- Crises are inevitable, but it takes effort to learn from them and apply them to the next crisis.
- Create an inventory of all the decisions, policy changes and communications from the past three months, and evaluate the successes and misses.
- Schedule a table-top simulation for some other risk your organization faces while you’re still on war footing.
Crises are inevitable, but learning from them is not. Even a global pandemic that shuts down most of the world’s economies is inevitable. Crises have happened before, and they’ll happen again. Sometimes they happen to you, sometimes to a competitor and sometimes to someone in a completely different space. Sometimes they happen to everyone. We should learn from each one so we’re better at responding to the next one.
But the learning has to be intentional. It isn’t a given that we actually will learn something and make changes so we’re better the next time. We can easily just stumble from one crisis to another, relying on our sometimes faulty muscle memory to guide us through each one. We can easily get caught up in the next thing that needs our attention and not reflect on what we’ve just been through and how we could have done it better.
Most of us are in varying states of returning to some form of “normal operations.” While the COVID-19 pandemic will not be in the rearview mirror for some time, we find ourselves driving alongside it, our eyes focused on the road ahead and any obstacles in our lane. Do not let this opportunity to grow, transform and change behaviors pass.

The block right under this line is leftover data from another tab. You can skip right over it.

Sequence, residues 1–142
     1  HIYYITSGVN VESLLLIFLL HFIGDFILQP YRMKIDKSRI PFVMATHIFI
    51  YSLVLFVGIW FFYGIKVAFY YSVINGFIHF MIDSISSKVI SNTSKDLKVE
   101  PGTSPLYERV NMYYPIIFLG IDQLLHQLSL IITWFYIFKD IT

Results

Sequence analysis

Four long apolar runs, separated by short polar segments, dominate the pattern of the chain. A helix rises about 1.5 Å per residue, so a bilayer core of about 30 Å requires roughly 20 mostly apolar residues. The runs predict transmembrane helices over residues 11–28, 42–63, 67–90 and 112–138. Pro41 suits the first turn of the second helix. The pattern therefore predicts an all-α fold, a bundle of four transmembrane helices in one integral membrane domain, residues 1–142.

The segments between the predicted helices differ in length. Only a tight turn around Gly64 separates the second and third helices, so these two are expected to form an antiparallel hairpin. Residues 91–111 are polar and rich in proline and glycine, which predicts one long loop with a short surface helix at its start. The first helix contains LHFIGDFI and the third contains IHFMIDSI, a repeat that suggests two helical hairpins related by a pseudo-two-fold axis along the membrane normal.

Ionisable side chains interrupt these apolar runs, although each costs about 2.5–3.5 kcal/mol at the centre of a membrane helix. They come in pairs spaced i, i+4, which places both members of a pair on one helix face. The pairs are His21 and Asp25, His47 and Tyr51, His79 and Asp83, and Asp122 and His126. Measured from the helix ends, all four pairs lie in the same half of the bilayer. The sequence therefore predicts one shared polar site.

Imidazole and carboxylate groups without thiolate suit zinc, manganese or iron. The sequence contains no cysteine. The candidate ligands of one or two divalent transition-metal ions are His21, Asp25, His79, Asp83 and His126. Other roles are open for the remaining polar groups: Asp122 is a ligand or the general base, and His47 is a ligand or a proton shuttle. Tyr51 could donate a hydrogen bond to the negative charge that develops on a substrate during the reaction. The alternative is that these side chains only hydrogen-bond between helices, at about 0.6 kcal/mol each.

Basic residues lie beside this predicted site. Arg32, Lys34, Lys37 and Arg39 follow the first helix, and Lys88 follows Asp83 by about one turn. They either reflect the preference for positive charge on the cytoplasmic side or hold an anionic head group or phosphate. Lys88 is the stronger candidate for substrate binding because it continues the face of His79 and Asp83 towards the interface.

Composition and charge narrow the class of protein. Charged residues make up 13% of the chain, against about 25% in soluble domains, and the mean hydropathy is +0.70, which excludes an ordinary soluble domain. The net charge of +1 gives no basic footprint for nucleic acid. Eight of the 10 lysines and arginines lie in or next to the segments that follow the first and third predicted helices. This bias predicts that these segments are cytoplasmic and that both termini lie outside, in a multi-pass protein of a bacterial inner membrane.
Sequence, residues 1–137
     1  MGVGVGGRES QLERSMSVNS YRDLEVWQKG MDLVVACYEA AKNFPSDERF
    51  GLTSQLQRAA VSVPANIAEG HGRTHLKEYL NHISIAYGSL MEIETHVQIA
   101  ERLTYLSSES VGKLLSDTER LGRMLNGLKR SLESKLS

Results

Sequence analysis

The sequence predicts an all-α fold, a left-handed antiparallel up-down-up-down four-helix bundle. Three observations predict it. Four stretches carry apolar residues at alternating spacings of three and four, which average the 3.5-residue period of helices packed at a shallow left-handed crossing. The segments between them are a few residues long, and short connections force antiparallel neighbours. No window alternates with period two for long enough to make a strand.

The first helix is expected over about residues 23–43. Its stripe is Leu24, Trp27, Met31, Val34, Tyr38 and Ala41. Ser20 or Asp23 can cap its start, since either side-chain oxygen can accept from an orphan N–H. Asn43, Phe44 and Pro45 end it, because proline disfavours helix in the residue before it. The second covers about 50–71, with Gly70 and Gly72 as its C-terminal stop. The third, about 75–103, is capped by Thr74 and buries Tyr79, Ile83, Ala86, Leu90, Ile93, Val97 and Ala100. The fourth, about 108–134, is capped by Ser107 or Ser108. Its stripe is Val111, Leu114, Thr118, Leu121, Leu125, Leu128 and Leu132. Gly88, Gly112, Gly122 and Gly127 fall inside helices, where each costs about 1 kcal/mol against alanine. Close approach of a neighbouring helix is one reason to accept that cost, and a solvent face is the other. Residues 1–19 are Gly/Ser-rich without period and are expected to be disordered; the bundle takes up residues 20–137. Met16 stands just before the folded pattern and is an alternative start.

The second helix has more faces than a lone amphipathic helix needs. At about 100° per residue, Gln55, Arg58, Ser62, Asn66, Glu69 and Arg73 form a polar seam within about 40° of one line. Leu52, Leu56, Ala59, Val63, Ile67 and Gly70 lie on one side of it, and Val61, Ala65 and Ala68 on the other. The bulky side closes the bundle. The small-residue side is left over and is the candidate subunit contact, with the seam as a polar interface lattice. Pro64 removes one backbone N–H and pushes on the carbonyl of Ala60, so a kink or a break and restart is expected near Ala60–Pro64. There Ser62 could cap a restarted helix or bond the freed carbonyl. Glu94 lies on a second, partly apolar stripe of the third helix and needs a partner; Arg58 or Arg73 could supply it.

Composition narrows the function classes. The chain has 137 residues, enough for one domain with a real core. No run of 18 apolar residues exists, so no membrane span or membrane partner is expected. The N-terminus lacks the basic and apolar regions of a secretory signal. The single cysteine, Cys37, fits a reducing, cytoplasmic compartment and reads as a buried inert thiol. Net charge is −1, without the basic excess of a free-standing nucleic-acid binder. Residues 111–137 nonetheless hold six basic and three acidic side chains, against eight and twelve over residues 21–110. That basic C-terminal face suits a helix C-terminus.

Remember What You Did
As communicators, we are acutely aware of the importance of reputation and crisis. The C-suite is typically only aware of it when something bad is happening. How do keep them from losing sight of that once things go back to normal? How can we keep it top of mind?
First of all, memorialize the decisions and the events of the past three months. Create a robust timeline. I know it sounds very pedestrian, but I really think there’s huge value in memorializing the decisions that you made and how you communicated them. If you weren’t logging them in real time, create one after the fact. Only by doing this will you see the successes and the misses.